A book on redemption, on discovering who you are, on learning the truth, on good and evil, light and dark. Intriguing, complicated, lush and sexy, this book will suck you in.(less)
Samantha doesn't really do dangerous. She's smart and super careful, but she just could pass up a kiss from her secret crush. But then things started...moreSamantha doesn't really do dangerous. She's smart and super careful, but she just could pass up a kiss from her secret crush. But then things started to feel different, like she was always hungry. And not for food. Part of her is missing. Then she meets Bishop, a confused street kid look-alike with loads of secrets. But something's moving into Trinity, and Bishop might be the only one who can help Sam before she loses herself to the darkness.
Dark Kiss wasn't the book I expected when I first started reading. I knew there would be mystery and intrigue, loads of teenage girl angst and confusion, but I didn't expect the urban fantasy tweak that I ended up with. Rowen put enough of her own spin on angels and demons to keep me interested, to keep me turning the page. Coupled with funny one-liners, this book was enjoyable to read. It's something I prefer, characters with sass and snark when facing down angels, demons, and the prospect of having your soul sucked out of your body.
Readers are given a rather authentic misfit teenage girl voice when they meet Sam. She's intelligent and careful and oh so cautious, right until that kiss, right until she meets Bishop and everything does a massive 180 degree turn. There was a moment in the book where a discussion got a bit serious and Sam, after asking a question and getting an answer, went and freaked out like a normal teenage would. That moment was great. No false bravado, no faking it. Characters who realize their fears, who know they have them and still struggle to keep on going, are awesome. Everyone's afraid of something, but you still have to man up, or girl up in Sam's case, and face it.
There's nothing new these days in urban fantasy, but twists and tweaks and unique interpretations are always welcome. Rowen took angels, demons, and the idea of stealing someone's soul and changed it just enough to stand out. In a way, it reminds me of Leah Clifford's A Touch Mortal, but it other ways is doesn't. I don't think this series will be as dark.
I kept reading this book all the way to the end because I wanted to know what was going on. I needed to know. At times there was just enough information to fill in some blanks, at others there were hints and guesses. I always wanted to know where the story was going, what made Sam so special, what had happened to Bishop, and why everything was happening. At the end, I was left cursing the fact that, while the book had an ending, I still have to wait for the next book in the series.(less)
Six weeks after the end of City of Glass, City of Fallen Angels starts back in New York. Everyone's getting back to normal. Well, as normal as it gets...moreSix weeks after the end of City of Glass, City of Fallen Angels starts back in New York. Everyone's getting back to normal. Well, as normal as it gets for Clary, who's trying to fit a relationship with Jace into her Shadowhunter training. Simon's also trying to cope with being the only vampire that can walk in sunlight. Plus, someone's killing Shadowhunters that once aligned themselves with Valentine, and something's going on with the vampires in the Downworld.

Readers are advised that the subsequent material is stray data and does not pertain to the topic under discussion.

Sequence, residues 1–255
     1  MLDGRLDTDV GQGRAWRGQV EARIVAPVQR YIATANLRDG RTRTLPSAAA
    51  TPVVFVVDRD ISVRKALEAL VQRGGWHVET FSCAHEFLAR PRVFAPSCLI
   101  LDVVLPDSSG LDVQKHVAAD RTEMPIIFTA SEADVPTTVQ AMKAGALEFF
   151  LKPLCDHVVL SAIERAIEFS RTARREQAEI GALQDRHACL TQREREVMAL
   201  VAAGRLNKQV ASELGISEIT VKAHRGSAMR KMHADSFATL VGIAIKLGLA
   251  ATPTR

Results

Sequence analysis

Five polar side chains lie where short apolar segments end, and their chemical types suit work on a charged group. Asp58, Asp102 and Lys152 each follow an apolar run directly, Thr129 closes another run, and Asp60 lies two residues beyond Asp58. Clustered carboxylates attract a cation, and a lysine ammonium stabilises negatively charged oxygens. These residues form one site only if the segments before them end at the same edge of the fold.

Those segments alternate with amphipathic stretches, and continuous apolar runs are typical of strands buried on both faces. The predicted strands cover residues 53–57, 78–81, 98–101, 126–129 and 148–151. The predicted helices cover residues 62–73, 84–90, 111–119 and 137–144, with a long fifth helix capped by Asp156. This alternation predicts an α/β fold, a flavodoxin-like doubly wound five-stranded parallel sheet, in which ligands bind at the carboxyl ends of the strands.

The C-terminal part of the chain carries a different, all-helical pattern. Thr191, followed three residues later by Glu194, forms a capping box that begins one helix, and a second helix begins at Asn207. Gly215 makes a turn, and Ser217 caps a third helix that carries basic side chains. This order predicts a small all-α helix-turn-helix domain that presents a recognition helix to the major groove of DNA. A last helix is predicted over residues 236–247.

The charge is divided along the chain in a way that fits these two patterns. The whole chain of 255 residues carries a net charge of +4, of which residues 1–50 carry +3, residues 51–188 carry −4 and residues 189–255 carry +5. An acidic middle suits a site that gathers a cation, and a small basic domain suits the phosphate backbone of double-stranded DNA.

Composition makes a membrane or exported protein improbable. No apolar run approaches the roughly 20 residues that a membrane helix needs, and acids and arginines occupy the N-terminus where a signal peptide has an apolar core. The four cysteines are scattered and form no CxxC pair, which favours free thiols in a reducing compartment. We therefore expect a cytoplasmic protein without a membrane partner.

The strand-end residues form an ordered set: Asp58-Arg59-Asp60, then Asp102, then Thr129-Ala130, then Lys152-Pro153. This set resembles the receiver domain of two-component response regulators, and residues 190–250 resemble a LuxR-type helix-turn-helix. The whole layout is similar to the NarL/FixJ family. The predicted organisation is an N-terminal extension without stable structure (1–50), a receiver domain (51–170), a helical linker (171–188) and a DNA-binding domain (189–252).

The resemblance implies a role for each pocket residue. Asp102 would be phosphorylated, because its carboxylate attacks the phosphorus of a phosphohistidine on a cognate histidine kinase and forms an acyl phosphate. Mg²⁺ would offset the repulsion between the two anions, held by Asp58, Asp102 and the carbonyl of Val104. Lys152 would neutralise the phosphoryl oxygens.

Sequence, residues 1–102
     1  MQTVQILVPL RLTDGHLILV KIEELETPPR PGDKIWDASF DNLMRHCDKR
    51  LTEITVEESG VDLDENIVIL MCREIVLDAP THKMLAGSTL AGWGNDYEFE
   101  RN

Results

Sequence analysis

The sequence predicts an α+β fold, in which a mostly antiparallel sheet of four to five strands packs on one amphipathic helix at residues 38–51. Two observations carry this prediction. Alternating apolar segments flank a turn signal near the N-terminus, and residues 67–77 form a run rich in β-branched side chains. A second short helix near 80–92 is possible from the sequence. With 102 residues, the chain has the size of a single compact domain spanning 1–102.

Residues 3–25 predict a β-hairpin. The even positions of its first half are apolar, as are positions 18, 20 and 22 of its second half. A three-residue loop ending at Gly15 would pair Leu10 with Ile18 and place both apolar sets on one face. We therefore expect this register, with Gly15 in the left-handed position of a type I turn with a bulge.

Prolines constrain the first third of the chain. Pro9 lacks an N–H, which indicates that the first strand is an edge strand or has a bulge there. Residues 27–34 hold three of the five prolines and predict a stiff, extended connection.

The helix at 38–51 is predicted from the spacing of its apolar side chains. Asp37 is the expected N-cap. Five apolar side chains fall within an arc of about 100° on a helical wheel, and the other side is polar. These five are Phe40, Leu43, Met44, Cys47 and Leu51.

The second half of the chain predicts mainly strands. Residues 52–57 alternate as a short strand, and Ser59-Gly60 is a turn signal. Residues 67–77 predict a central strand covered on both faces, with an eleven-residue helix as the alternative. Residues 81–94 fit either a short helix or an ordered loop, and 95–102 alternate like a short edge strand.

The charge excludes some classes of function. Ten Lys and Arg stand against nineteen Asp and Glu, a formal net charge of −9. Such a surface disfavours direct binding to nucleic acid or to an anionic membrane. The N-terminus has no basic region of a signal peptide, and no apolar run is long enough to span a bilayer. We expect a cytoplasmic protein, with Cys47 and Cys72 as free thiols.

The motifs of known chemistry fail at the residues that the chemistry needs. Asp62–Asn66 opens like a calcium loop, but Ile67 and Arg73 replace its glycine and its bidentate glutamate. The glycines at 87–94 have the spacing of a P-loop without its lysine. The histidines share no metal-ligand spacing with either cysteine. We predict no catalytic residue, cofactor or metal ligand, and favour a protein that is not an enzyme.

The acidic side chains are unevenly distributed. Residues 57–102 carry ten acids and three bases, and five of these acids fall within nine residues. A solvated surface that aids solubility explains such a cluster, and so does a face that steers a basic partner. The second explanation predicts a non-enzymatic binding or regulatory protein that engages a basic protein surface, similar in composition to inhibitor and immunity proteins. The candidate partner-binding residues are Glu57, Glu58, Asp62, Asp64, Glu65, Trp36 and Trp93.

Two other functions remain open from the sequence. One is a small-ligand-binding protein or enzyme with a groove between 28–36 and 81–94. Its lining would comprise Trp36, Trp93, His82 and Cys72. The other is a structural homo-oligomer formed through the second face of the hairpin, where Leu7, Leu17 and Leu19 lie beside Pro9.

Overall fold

The action and twists and turns brought me right back into Clary and Simon's world. It almost felt like I hadn't left, that it hadn't been a few months since I read the first three books. Shadowhunters and runes, vampires and werewolves and warlocks, everything totally going straight to hell and messing everything up. It was awesome.
New characters balanced out the old, adding new conflict and a new dimension to old relationships (or totally messing them up). The book was oddly refreshing, something new mixed with something old.
I know that initially the series was going to end after City of Glass and now won't for another two books, but I don't know what other readers were expecting to find when they read City of Fallen Angels. I knew things weren't going to be easy. If things were easy, if Cassandra Clare wrote nothing but 400 pages of Clary and Jace dating like a happy couple, the book would've been outrageously boring. You can't go from 3 books of action and disaster and surprises to 3 books of normal boring life.
I expected a weird new evil person to show up, I expected something to happen between Clary and Jace that might split them up until the end of the series, and I expected Simon to do something because he was tired of being the only special vampire. I even expected part of the city to explode and ruin everything. I won't say if any of this actually happened, those would be spoilers, but I will say that I'm totally satisfied with where the book went and how it ended.